Saturday, July 18, 2009

Reward or Payment?

Just recently, I read a group of articles put out by one parenting site in which parents (self proclaimed experts really) posted their views on giving children rewards. The articles were contradicatory towards one another, and that was sort of the point. In terms of the article's strength, and the comment response, the article opposed to using rewards was the definite winner in the debate (if that is what it was.)

Now, I am going to share my views, and they just might surprise you. Yes, I am an unschooler. I believe that my children can and should do those things that they choose to do, using their own brains to reason out what is best for them, with me providing helpful, well thoughtout input and giving them access to lots of other input so that their decisions will be well informed. In general, I agree that children should not be given rewards for their behavior. I want my kids to figure out what they want to do and what is best for them, not do things 'cause I might give them something. So far no surprises right?

There is another side though. Our society works on a system where people get paid for doing work. I believe that seeing first hand how this works is the best way to learn about the system. In our house, this is where "rewards" come in, but I prefer to not call them rewards but rather payments. If I would like something done around the house, I may offer my child the job in exchange for a payment. (In our house, the common currency is paper tickets like the kind you get at the carnival which can be exchanged for various things and activities as they come available.)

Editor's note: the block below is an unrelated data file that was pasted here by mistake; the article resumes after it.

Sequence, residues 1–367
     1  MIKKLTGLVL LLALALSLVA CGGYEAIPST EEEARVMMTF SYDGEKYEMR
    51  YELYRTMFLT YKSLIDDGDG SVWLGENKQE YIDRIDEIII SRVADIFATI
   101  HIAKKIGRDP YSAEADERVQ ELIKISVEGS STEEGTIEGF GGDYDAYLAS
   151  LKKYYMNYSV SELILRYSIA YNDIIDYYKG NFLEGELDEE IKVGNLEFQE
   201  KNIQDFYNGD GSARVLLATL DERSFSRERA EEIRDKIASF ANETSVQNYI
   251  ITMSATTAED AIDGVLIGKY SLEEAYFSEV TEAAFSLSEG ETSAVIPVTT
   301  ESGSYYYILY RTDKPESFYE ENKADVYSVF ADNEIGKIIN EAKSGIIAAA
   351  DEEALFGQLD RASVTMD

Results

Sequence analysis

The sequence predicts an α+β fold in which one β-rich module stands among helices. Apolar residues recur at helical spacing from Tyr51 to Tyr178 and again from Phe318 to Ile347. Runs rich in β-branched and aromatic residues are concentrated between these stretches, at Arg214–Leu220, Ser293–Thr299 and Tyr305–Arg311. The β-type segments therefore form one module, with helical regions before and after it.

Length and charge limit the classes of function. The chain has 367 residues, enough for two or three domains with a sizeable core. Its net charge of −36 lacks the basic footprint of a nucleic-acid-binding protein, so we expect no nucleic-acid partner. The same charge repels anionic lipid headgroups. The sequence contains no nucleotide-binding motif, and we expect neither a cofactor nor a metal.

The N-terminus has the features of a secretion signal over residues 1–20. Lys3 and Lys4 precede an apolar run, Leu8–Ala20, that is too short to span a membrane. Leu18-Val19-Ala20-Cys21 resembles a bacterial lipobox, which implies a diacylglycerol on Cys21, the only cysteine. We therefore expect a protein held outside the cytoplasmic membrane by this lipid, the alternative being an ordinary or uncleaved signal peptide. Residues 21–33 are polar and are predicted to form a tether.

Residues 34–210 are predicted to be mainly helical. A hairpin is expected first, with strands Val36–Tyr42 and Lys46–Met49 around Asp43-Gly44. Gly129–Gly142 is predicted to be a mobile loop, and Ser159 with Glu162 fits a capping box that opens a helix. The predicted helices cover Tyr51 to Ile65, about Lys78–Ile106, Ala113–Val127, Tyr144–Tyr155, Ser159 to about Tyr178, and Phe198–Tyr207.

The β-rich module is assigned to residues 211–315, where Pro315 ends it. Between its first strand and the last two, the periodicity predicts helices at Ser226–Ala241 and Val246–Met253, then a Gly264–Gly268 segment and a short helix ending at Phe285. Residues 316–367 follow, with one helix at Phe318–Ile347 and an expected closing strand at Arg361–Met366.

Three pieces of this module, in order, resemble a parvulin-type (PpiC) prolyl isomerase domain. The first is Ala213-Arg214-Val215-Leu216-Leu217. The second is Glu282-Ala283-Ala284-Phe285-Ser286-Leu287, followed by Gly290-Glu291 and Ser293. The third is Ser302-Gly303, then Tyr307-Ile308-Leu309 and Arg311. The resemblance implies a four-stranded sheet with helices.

Now there are a few things that keep this system under control. First of all, I don't offer the kids payments for things that most people do for themselves without payment like picking up after themselves. Second, I still ask my kids if they are available to help me with various things like switching laundry or making dinner without offering payment. Third, all my kids help in various ways getting the house in order after dinner just as part of the family without expecting payment too. No one is required to do this, they just want to be a part of taking care of the house and family. In other words, my kids are normal, helpful family members who do not expect payment for normal life activities.

Also, I do not ever require the kids to do anything for payment. This would defeat the purpose. In the real world, you can choose whether to take a job or not. I realize that some people may feel forced into a situation, but there is always a choice on some level. I want my kids to know this! Of course, if one kid says no, the job is often offered to another who will then get the payment.

This method has worked well in our family for a couple of years now. It is the best of both worlds. Of course as unschoolers, we are not offering our kids rewards for things like A's or school work or reading books! Also, if we had more financial resources, I would prefer to give my kids cash payments instead of tickets, but they understand that.

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